The trend measure of Canadian housing starts was higher again in March, the third consecutive month of increases.
The rise to 211,342 units – up from 205,521 in February – was the highest level since September 2007 CMHC reported Monday. However, there were some clear regional differences.
“Stronger residential construction at the national level is reflected by a rising trend in single-detached and multi-unit starts in Ontario and continued growth of new rental apartments in Québec,” commented CMHC chief economist Bob Dugan.
While Toronto showed an increase across all housing types, Vancouver saw fewer starts for the fourth straight month. However, Vancouver starts remained above the five-year average and hit their highest level for the month since 1972.
Hamilton saw a decline in townhouses, especially popular with first-time buyers in the market, although other housing types saw stronger starts.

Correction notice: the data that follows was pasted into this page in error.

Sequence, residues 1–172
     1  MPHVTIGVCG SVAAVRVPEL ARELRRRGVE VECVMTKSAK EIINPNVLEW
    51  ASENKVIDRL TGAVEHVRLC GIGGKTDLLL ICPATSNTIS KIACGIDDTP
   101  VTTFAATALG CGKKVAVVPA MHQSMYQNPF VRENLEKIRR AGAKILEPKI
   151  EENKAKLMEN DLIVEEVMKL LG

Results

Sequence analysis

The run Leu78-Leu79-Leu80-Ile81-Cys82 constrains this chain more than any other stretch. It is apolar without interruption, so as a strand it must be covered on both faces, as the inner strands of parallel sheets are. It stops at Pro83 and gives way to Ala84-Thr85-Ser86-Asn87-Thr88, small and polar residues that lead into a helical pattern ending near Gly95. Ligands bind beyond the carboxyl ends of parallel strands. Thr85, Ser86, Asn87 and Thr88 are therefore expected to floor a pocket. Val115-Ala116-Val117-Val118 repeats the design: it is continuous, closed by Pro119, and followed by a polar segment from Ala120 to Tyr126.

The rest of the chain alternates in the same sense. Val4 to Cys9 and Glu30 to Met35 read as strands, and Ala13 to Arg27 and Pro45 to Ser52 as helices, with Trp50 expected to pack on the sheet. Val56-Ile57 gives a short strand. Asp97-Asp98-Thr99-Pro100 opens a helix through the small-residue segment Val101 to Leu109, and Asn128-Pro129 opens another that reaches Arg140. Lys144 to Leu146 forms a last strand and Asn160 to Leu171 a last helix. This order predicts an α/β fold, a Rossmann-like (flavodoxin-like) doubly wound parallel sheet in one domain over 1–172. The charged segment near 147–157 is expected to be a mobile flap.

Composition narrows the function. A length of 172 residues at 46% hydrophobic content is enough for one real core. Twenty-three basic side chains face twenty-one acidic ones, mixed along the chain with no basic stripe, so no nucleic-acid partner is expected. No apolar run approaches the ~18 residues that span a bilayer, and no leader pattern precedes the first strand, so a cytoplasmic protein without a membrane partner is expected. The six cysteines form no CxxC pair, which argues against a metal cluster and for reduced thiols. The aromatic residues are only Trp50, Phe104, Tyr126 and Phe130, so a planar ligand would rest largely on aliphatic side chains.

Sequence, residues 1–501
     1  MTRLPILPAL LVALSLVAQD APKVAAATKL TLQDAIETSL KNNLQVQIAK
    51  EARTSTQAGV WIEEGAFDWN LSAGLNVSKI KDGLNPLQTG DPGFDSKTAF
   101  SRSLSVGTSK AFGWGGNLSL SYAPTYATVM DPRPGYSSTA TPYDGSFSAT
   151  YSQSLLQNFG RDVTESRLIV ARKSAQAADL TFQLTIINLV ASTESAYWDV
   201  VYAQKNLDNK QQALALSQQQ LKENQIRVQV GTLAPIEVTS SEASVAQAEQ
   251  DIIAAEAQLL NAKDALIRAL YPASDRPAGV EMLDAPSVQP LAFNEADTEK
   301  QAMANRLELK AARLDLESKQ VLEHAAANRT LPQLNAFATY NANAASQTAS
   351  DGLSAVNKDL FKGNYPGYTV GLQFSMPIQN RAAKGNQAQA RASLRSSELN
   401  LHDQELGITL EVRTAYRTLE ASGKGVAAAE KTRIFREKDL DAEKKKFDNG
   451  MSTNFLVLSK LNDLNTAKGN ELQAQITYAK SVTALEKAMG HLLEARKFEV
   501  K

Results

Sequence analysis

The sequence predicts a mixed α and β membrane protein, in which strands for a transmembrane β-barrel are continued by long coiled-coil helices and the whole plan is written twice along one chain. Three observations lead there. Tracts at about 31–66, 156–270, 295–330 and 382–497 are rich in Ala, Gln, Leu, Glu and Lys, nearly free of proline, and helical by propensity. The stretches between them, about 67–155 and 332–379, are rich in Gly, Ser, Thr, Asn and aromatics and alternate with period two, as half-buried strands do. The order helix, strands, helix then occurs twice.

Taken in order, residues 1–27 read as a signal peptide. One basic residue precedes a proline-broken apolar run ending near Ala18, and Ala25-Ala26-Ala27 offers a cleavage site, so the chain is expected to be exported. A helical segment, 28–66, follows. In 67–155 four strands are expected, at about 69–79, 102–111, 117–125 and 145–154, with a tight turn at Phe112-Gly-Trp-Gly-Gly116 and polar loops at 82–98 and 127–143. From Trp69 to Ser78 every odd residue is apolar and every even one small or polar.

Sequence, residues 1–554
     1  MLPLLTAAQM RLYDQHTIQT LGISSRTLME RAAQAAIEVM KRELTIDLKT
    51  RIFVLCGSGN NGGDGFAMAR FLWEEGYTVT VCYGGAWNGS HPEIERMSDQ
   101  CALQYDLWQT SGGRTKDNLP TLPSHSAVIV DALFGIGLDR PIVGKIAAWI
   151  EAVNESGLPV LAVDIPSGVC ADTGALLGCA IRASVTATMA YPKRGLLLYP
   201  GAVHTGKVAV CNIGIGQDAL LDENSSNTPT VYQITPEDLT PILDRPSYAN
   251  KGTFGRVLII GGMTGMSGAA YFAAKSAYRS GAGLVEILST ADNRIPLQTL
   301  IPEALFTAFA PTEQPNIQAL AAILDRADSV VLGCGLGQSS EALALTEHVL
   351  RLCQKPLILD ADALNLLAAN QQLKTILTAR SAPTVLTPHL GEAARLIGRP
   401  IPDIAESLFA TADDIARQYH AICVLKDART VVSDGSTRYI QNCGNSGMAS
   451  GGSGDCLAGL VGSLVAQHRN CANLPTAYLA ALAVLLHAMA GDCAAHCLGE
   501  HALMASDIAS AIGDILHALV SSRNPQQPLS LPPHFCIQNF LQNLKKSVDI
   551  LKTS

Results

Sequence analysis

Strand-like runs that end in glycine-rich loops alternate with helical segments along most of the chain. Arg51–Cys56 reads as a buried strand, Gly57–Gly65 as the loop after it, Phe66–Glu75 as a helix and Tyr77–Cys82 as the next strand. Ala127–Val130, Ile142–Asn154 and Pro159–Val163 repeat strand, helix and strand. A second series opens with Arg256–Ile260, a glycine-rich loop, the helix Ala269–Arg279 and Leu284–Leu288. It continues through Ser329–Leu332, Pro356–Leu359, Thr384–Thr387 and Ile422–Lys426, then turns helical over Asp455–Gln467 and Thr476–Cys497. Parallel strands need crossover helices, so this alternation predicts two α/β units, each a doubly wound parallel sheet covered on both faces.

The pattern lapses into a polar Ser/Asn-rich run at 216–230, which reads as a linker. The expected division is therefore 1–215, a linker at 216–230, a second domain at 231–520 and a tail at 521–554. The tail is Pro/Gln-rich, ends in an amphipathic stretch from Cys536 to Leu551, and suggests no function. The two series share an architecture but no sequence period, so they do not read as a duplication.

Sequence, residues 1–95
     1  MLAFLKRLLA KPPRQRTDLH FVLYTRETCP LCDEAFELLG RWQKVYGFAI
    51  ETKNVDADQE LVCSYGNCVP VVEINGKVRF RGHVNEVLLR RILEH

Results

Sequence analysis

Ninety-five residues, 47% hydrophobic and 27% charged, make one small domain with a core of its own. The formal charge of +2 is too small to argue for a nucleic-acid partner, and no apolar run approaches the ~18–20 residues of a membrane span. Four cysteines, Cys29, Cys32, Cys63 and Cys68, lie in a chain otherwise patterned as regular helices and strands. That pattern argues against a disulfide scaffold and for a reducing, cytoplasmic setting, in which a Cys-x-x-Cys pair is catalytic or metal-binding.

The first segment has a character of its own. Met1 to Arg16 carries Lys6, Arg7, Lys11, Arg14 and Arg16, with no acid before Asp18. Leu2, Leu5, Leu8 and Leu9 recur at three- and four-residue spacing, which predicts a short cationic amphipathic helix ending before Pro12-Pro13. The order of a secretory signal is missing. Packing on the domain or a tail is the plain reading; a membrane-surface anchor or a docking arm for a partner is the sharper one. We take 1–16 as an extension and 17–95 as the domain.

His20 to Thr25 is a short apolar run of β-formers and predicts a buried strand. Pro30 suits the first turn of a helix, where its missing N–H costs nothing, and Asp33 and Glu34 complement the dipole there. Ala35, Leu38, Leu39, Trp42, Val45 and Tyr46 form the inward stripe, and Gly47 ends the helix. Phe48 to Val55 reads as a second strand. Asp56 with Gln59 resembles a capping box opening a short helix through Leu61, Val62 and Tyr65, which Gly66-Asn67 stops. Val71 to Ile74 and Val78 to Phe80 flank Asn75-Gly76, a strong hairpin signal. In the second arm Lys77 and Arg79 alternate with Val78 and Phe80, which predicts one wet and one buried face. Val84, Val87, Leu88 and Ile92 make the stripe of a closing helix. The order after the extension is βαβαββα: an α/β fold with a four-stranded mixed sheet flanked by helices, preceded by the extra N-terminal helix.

Meanwhile, in Montreal there was a rise in multi-family units with new rental units hitting a 25-year high. A decrease in unsold condos also rebooted building in this sector.
Quebec has seen a notable decline in new rental apartment starts this year as the market falls back from two years of historically high building levels in this sector.
The standalone monthly SAAR for housing starts nationwide was 253,720, up from 214,253 in February. There was a 20 per cent jump for urban starts, driven by a 30 per cent surge in multi-family; rural starts were estimated at 18,046 units.
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